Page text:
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About content security

Content security refers to a number of tools, policies and techniques that are designed to restrict users from accessing potentially harmful content while using company devices or from within the confines of the company network. Web filtering software is an example of a content security solution.

Once the web filter is deployed, employees will be blocked from accessing sites not permissible under the organisation’s content policy. Typical examples are sites containing keywords relating to topics such as gambling, alcohol, exploitation and sites of a sexual nature.

Why you need content security

Protecting the integrity of your organisation is a key consideration, especially in the connected world. Many sites of ill-repute allow organised criminal gangs to advertise seemingly legitimate services, and many adverts contain harmful scripts, that once downloaded, can have a devastating impact on the organisation.

Investing in a reputable content security offering as well as implementing a range of strict content policies throughout the organisation will keep your staff informed and reduce the likelihood of a devastating data breach.

Content security benefits

  • Blocks harmful and damaging content
  • Protects users from accidentally introducing harmful content to the company network
  • Improves productivity and security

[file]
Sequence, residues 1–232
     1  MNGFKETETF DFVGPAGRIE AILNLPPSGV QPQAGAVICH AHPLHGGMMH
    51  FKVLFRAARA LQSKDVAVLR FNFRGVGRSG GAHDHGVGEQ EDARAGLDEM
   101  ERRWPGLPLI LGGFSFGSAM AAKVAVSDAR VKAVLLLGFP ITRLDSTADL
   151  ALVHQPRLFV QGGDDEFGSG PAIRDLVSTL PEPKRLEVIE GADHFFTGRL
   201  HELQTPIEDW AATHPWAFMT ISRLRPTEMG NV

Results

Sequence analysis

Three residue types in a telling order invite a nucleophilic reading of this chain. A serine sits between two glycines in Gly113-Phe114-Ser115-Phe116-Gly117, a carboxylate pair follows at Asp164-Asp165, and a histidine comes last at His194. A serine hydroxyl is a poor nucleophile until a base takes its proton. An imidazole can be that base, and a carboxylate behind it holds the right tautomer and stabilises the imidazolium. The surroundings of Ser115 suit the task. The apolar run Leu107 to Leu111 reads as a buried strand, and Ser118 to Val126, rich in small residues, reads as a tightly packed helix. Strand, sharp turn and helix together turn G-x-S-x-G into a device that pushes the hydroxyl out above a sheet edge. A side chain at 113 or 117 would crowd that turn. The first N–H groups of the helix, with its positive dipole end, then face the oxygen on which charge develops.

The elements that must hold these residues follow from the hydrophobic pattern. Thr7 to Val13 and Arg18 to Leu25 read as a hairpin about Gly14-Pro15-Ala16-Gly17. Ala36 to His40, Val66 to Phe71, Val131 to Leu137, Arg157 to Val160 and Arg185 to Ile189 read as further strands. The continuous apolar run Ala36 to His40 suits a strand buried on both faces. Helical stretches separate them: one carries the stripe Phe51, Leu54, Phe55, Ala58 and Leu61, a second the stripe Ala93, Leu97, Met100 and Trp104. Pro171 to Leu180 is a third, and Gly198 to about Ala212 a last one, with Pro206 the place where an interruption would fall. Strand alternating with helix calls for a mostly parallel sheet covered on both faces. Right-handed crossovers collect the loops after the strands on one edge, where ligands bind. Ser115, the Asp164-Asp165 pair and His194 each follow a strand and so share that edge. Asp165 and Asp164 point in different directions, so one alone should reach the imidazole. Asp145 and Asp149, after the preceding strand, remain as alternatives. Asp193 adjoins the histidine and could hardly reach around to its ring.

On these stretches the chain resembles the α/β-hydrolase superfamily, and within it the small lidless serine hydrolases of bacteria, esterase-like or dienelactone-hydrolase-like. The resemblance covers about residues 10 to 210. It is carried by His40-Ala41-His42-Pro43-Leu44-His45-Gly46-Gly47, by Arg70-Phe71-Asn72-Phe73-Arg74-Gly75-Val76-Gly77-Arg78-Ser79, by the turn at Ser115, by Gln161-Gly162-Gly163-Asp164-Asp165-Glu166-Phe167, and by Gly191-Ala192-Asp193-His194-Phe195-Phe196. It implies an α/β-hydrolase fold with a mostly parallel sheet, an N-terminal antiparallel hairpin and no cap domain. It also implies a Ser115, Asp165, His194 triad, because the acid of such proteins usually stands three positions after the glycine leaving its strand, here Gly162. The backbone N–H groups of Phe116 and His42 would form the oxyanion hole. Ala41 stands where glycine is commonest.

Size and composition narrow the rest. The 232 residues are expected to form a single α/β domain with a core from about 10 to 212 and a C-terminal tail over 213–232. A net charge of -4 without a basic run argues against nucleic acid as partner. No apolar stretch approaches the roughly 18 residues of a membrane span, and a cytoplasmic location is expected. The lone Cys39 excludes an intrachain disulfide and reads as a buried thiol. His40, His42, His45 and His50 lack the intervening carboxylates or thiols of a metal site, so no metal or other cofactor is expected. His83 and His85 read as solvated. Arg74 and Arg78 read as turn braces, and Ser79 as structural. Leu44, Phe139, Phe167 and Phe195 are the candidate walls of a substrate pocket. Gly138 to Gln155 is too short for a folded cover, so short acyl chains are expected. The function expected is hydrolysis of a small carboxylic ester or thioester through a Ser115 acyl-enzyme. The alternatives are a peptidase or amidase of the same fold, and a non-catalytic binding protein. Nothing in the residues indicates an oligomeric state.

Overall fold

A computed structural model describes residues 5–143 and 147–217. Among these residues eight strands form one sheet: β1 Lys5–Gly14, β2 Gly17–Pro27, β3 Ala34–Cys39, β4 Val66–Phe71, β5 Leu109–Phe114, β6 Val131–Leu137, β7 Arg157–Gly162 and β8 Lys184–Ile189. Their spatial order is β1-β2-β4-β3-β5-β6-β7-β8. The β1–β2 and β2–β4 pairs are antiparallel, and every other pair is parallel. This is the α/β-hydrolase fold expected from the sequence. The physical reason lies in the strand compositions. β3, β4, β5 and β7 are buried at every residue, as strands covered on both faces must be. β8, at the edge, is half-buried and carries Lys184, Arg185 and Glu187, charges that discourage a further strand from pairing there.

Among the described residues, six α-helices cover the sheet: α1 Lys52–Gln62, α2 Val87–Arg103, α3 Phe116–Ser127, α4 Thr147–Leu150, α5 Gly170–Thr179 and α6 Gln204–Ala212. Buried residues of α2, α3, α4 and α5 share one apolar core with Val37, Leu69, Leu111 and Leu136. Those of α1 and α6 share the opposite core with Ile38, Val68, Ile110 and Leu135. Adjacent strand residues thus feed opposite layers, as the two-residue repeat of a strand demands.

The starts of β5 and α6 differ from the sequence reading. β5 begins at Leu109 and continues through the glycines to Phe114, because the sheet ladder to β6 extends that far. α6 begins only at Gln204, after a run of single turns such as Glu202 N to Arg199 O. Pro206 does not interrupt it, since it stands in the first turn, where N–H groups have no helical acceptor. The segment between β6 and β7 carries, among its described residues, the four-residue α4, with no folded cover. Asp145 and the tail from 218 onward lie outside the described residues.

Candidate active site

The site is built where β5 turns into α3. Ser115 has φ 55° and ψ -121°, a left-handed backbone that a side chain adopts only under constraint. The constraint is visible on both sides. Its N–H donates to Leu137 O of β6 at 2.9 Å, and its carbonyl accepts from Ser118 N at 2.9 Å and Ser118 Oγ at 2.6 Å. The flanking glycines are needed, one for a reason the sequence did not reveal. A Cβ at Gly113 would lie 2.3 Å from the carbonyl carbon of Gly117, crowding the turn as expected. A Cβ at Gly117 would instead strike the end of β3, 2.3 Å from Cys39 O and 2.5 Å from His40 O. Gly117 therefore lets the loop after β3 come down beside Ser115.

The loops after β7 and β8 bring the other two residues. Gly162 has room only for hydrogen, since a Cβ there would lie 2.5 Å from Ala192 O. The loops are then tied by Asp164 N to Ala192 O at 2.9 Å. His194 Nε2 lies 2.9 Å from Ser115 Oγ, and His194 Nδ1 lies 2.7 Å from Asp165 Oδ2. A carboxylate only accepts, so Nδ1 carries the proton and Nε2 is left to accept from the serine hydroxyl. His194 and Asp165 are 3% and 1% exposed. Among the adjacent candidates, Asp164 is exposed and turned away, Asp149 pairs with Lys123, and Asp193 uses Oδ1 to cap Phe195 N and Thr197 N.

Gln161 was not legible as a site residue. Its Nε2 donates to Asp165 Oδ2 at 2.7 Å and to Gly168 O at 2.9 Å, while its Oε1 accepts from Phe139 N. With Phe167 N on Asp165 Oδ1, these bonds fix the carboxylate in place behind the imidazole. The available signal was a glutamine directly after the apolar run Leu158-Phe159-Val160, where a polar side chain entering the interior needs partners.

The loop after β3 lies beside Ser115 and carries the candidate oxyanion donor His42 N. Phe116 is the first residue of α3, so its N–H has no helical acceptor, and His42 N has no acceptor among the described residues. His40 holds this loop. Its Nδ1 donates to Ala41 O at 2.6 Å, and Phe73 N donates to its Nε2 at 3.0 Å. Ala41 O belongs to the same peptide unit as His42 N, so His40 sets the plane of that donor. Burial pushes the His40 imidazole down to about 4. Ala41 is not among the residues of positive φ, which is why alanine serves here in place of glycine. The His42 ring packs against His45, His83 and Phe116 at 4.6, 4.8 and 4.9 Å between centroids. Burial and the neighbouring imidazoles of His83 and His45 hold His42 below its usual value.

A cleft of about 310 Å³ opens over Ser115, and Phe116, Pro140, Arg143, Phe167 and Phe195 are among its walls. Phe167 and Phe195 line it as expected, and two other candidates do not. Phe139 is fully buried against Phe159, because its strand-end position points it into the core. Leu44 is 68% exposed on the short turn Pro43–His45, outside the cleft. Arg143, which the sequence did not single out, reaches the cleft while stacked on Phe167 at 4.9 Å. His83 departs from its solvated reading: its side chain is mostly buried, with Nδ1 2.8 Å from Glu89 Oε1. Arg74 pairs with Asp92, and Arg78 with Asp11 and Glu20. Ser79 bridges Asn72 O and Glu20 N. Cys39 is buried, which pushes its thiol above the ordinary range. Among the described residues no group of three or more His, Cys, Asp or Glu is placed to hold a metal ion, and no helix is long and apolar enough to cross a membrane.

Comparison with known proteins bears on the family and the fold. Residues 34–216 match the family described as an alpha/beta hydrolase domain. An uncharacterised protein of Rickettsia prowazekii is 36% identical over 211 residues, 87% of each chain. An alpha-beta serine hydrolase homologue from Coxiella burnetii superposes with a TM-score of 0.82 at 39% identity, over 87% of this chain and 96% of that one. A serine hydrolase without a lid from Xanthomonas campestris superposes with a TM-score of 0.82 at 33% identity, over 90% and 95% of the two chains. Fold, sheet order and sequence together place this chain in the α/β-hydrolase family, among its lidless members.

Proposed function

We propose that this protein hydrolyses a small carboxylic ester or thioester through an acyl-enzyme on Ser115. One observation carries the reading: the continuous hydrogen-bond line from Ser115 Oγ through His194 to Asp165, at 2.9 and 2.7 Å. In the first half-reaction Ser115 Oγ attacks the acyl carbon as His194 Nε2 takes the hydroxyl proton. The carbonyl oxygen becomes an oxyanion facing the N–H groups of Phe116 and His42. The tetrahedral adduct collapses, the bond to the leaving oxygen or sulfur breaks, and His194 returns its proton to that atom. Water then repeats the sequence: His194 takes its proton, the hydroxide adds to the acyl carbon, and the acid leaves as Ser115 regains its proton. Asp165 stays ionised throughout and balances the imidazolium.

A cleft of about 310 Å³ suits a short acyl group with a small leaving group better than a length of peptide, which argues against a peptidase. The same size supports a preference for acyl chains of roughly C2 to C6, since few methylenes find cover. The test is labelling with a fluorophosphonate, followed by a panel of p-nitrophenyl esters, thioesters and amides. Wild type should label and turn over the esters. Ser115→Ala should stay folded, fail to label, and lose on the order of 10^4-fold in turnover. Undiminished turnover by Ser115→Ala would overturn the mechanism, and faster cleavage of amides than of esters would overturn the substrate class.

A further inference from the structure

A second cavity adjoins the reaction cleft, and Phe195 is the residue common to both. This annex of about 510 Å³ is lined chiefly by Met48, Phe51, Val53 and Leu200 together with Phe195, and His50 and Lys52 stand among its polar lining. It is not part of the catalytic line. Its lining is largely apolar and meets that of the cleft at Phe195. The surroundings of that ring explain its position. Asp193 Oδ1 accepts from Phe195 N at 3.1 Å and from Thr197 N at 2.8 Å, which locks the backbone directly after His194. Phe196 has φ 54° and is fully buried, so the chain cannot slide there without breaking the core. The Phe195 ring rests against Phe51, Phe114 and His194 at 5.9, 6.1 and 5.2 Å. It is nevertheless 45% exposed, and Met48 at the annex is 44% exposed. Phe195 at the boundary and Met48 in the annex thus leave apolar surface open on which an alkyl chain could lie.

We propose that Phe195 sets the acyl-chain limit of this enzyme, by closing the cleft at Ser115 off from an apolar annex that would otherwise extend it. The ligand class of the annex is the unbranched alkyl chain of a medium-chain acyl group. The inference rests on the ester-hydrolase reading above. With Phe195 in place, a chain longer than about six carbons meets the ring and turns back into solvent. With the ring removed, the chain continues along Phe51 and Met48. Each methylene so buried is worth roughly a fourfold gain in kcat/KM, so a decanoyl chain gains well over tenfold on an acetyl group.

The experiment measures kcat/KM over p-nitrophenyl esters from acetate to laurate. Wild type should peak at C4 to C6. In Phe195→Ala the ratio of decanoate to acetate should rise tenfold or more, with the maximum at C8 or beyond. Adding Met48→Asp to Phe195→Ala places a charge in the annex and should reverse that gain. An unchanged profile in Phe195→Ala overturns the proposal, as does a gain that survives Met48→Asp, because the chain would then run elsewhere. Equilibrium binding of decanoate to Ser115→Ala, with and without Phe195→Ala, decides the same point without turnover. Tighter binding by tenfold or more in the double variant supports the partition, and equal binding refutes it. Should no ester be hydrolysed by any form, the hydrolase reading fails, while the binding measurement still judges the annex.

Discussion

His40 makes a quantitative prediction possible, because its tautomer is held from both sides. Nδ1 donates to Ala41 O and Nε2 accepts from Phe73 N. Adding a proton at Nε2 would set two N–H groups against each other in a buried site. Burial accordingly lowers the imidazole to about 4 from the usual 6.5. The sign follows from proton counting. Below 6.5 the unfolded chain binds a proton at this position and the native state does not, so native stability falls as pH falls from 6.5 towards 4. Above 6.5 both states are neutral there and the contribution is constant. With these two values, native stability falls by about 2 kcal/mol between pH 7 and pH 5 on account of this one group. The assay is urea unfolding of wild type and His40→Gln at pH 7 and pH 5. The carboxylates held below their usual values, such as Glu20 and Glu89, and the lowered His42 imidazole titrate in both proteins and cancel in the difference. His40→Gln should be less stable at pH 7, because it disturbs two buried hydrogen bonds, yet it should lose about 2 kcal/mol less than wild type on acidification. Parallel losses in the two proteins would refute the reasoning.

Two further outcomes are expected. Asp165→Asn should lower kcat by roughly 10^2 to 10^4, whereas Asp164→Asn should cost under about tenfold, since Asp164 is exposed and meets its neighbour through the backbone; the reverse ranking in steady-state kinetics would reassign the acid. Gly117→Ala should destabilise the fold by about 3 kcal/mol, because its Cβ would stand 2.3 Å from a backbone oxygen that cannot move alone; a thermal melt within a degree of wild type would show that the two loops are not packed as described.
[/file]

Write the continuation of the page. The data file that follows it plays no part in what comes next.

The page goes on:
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Security Framework

1 – Identify – The ‘identify’ phase covers the information security governance, business processes, asset management, risk management and allows the company to assess its cyber risk prior to an attack in order to allow planning for all phases to take place.  This phase should always be revisited after an attack has occurred as it serves to prevent another attack of the same kind.

2 – Protect – The ‘protect’ phase is designed to actively prevent an attack from being successful. This stage consists of a GDPR “Technical Measures” requirement and may also contain “Organisational Measures” designed to prevent a successful attack.  The measures are a direct result of your information risk assessment created under the “Identify” phase.

3 – Detect – The ‘detect’ phase provides methods to detect a successful attack.  A company cannot assume an attacker will always be thwarted and the “Detect” phase ensures that should any of the protective measures fail – the company can detect and respond (Phase 4) to a breach at the earliest opportunity.

4 – Respond – The ‘respond’ phase details the company’s response to a successful attack – one which may have been detected by the measures in the “Detect phase” or by other means – such as a third party informing the company.  The respond phase is considered critical in organisational cybersecurity planning as it defines the actions needed to stop the attack and move into the recovery phase.

5 – Recover – Once the cyber-attack has been stopped and prevented from causing further damage, recovery work must be undertaken to restore services to business as usual.  The recovery phase will also include feedback into the “identify” phase to assess how to prevent a similar attack from being successful in future.

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